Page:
Back-Saving Two-Handled Snow Shovel




Introduction: Back-Saving Two-Handled Snow Shovel

Never bend over again to shovel snow!  Add a second handle from any broken tool with a D-handle (or even a cheapy shovel cut off), two pieces of plywood and a few nuts and bolts.  It works even better than those expensive curved handle shovels you see in the store.

Step 1: A Little Prep

Cut two pieces of scrap ply approx 9x16", cut a handle down to about 20" long, buy six bolts, washers and nuts the appropriate length for the thickness of the second handle and two pieces of ply, typically 3 inches.

Step 2: Layout on the Ply

Lay out the placement of the shovel's handle, and the second handle on one of the pieces of ply.  Four of the bolts go AROUND the shovel handle (making it transferrable to a new shovel when the blade cracks or whatever) and two of the bolts go THROUGH the second handle.  I have eight on mine, but six is ok.  The angle can be whatever is comfortable for you.  For me it was about 60 degrees, and the top of the second handle should be about the same height from the ground as the shovel handle when its in use, at a good angle to the ground.

Step 3: Drill and Assemble

Stack the two ply pieces and drill holes where you marked them.  Then clamp the ply onto the shovel with 4 (or 6) bolts, fit the second handle in where the holes are predrilled for it, and mark on the second handle.  Remove the second handle, drill the two holes in it where marked, and bolt it into the ply pieces. 

Note my posture - not bent over at all!  This also prevents uneven weight distribution on the back helping prevent dislocation.  And yet the shovel can be used normally, like to push it in front of you if you want.  Enjoy!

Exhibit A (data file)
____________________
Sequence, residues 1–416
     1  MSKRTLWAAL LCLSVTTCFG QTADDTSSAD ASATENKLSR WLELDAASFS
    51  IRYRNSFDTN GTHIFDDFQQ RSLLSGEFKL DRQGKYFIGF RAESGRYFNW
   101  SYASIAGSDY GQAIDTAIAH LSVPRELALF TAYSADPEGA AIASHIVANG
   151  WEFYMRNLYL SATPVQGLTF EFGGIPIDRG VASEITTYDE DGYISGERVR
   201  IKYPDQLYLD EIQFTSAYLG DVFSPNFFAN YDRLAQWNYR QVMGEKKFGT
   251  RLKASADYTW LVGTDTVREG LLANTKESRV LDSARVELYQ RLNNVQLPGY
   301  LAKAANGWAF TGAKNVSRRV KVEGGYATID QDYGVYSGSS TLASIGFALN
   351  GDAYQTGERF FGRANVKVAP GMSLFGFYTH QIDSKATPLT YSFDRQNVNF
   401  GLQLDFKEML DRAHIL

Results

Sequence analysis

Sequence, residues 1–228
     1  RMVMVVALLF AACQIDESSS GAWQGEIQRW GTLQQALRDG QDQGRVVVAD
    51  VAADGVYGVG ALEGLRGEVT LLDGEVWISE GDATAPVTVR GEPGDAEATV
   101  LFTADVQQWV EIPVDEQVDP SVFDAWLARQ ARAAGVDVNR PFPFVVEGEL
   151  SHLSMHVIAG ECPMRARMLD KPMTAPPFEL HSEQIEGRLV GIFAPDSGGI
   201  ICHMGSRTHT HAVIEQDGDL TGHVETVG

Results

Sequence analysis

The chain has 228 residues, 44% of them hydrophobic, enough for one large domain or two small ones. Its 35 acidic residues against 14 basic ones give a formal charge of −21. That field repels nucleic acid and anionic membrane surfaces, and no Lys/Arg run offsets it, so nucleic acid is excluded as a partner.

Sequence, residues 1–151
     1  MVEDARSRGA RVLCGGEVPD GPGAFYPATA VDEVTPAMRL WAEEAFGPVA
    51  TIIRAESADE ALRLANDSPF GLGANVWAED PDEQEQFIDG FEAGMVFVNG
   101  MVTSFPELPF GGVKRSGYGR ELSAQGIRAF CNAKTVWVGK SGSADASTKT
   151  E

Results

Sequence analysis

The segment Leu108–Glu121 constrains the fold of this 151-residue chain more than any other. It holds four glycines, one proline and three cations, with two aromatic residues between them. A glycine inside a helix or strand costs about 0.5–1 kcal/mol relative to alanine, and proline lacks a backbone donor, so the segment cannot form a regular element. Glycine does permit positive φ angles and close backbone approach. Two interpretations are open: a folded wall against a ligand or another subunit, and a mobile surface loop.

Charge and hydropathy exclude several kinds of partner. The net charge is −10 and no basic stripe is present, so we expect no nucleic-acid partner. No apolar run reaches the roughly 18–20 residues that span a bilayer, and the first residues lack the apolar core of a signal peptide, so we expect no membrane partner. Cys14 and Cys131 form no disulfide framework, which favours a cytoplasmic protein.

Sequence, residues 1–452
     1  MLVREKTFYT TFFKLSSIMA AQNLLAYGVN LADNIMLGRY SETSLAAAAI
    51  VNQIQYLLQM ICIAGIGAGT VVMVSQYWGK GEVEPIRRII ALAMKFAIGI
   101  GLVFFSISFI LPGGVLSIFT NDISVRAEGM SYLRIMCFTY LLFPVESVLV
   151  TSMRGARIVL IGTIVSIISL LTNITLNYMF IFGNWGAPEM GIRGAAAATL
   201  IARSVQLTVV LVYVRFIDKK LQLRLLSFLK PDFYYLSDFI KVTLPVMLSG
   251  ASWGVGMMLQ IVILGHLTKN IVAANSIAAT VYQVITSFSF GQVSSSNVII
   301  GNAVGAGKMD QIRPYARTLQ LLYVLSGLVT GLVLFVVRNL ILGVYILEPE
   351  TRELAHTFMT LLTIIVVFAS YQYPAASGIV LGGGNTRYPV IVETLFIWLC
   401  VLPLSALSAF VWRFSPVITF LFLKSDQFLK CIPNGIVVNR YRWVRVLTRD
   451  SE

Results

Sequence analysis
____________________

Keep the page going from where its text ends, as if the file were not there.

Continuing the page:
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    7 Discussions


    Reply 9 years ago on Introduction

    The default pictures at are actually pretty deceiving. They do not show that the Shovel Master is both articulated and torsionally spring biased, which is the key to constructing a truly viable dual handled shovel.

    You can read much more about the design, it's advantages,  and view extensive footage under pretty severe snow conditions at

    Great , this has been a pretty brutal winter sofar 2 inches of ice on my driveway, that happens to be some odd 1000 square feet, luckily my dad has a plow for the snow, but we have to get the ice up cause the plow cant handle it. Boy was my back sore after that day, i wonder how much this would help.


    9 years ago on Step 3

    This needs to be lightened as much as possible. Remember how difficult it can be to throw a large (heavy) load of snow!

    I see some pencil marks on the plywood, which seem to suggest that the author has that in mind.


    Reply 9 years ago on Step 3

    Yes, GishPup, you could lighten it a few ounces by trimming the ply, but the best way is to pick a light second handle, like from a cheapie snow shovel. My prototype was a light cheapie shovel as you can see and a fairly light hardwood and steel second handle from a broken garden spade, so it's not bad.

    The real advantage of this rig is the load it takes off your lower back from being able to use two hands at waist level, and even a large shovelfull of slushy snow was manageable - the end of the driveway where the city plow plowed us in.

    Free tip: use some car wax on the shovel blade to keep it slippery and light.

    Happi Trails!

    Phil B
    Phil B

    9 years ago on Introduction

    This is a clever idea. Thank you for publishing a useful idea. It is good for the general readership of Instructables that you used tools and methods available to all. I did an Instructable some time ago on replacing a cracked plastic handle on a snow shovel with one I welded up in about 45 minutes so I could finish shoveling fresh snow before breakfast one morning. That was a way to get a handle when I did not have any left over from a broken garden tool. But, not everyone has access to a welder.